The Seine water level is finally starting to decrease after flooding peaks in Paris

Two people use a canoe on a flooded street in the town of Moret sur Loing south of Paris (Markus Schreiber/AP)

The water level of the Seine river in Paris is starting to decrease after reaching its peak overnight, the highest in nearly 35 years, French authorities say.

But they warned it could take up to ten days for the river to return to its normal levels after the flooding that swelled the river to about 4.5 metres (15 feet) above average in Paris.

More than 17,000 homes were still without electricity on Saturday in the Paris region and centre of France.

Authorities have also shut the Louvre museum, the national library, the Orsay museum and the Grand Palais, Paris' striking glass-and-steel topped exhibition centre.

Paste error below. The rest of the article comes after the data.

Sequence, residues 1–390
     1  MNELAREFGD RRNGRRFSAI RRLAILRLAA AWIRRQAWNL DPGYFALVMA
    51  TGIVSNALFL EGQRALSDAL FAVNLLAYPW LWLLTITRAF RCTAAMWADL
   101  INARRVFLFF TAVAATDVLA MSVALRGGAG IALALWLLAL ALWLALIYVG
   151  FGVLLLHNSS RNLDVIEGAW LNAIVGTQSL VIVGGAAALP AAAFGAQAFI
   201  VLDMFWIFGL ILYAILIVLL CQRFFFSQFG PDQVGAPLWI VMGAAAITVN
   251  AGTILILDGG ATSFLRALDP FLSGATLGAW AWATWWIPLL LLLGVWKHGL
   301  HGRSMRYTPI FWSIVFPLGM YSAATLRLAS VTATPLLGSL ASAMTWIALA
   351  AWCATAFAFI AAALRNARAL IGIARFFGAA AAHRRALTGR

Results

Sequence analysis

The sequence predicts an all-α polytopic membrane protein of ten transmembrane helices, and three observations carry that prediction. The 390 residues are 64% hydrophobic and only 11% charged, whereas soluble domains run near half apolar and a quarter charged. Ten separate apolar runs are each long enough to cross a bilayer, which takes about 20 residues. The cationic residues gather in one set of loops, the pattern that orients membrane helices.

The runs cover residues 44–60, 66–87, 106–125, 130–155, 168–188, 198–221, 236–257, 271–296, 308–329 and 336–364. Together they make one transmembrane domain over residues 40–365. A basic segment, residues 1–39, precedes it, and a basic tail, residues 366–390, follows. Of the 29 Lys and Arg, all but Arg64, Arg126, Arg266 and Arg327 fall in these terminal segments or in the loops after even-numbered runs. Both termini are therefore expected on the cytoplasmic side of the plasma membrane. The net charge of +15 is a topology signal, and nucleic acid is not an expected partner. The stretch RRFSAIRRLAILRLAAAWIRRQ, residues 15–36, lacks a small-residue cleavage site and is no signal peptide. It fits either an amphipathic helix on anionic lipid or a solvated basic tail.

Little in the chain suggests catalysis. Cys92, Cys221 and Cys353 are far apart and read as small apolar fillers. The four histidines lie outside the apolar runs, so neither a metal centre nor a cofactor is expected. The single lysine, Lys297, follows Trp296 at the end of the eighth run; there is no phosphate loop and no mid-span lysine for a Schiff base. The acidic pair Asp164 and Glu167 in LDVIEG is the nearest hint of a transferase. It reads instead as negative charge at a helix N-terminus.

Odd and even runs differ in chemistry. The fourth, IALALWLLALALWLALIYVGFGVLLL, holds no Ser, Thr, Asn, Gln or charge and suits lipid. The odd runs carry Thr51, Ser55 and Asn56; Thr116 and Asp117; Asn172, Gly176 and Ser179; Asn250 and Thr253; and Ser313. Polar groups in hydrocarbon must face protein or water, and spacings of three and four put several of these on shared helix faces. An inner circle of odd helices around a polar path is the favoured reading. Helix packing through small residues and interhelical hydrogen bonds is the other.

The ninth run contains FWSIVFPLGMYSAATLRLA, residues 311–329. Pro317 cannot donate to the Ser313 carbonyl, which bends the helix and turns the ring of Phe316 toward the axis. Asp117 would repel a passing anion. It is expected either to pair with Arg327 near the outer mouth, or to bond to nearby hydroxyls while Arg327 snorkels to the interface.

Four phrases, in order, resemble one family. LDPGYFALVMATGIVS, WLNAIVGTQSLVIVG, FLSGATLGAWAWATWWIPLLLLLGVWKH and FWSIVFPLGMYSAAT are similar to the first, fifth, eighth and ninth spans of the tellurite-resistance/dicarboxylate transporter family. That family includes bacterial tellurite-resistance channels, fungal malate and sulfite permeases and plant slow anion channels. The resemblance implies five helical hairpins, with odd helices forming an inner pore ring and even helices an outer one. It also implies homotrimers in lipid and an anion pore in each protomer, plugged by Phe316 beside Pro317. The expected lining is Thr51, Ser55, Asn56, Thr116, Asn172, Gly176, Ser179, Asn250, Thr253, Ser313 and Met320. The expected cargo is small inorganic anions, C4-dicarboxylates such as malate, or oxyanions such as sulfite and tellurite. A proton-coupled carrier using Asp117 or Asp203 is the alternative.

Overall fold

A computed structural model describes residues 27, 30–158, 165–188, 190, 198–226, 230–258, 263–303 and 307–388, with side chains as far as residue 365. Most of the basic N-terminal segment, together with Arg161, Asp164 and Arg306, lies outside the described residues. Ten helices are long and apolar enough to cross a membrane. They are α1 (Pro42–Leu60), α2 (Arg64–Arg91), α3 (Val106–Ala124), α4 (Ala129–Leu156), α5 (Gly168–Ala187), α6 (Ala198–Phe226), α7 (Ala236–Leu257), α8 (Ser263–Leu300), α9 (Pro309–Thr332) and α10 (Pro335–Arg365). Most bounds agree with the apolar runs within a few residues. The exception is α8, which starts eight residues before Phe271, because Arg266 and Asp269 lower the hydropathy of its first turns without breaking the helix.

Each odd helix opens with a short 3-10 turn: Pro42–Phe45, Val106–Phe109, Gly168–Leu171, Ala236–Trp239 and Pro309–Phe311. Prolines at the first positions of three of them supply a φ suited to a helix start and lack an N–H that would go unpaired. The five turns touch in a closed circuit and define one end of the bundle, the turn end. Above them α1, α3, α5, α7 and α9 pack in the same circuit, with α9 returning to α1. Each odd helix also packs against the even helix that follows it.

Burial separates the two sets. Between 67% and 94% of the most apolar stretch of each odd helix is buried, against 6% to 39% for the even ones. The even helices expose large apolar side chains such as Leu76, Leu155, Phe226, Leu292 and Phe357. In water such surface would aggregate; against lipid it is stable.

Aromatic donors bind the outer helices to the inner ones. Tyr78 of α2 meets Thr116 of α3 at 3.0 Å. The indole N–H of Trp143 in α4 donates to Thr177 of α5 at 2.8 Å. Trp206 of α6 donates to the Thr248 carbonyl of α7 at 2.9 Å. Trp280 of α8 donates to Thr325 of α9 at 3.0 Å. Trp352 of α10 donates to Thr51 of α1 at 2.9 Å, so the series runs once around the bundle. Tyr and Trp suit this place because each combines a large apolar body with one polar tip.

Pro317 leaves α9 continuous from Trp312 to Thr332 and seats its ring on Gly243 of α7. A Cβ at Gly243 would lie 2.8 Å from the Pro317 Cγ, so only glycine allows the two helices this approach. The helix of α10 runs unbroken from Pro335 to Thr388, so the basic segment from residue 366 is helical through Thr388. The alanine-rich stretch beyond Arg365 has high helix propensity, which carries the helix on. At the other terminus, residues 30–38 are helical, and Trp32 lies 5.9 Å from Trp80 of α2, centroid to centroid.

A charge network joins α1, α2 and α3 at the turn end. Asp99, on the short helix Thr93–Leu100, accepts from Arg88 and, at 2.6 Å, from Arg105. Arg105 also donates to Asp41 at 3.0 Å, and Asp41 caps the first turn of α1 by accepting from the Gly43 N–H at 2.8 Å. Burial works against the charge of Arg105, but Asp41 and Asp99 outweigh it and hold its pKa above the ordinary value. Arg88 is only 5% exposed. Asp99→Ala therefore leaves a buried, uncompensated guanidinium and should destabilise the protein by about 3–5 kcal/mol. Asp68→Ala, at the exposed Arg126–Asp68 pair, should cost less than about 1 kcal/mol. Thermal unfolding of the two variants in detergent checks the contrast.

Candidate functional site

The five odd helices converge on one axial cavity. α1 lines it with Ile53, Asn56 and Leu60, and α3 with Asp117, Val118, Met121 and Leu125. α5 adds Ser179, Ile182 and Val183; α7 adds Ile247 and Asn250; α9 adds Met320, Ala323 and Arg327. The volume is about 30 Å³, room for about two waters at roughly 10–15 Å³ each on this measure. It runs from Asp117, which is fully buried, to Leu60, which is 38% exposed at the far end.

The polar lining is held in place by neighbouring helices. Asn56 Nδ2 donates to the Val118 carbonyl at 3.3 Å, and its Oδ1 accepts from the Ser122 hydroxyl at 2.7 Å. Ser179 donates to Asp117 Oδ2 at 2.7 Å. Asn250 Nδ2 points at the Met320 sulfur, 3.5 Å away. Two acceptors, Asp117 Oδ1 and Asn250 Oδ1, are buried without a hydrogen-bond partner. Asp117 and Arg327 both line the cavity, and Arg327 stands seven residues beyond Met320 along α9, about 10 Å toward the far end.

Visitors read an information sheet about the closing of the Musee de Louvre (Markus Schreiber/AP)
(Markus Schreiber/AP)

French prime minister Manuel Valls says the death toll from the flooding across the country has risen to four while 24 people have been injured.

He did not give any more details about the additional death, which brings the death toll across Europe from the flooding in recent days to 17.

People looking at the floods stand on the Alma bridge by the Zouave statue (Jerome Delay/AP)
(Jerome Delay/AP)

After a meeting at a government crisis centre on Saturday, Valls confirmed the water level of the Seine was now decreasing "slowly but steadily" in Paris.

Valls also announced several ministerial meetings next week to ensure quick financial help to the people affected.
He urged Paris visitors and residents to "take care to observe safety precautions" since many have been walking along the river banks to look at the high water.

Nearly a week of heavy rain has led to serious flooding across parts of France, Germany, Romania and Belgium.

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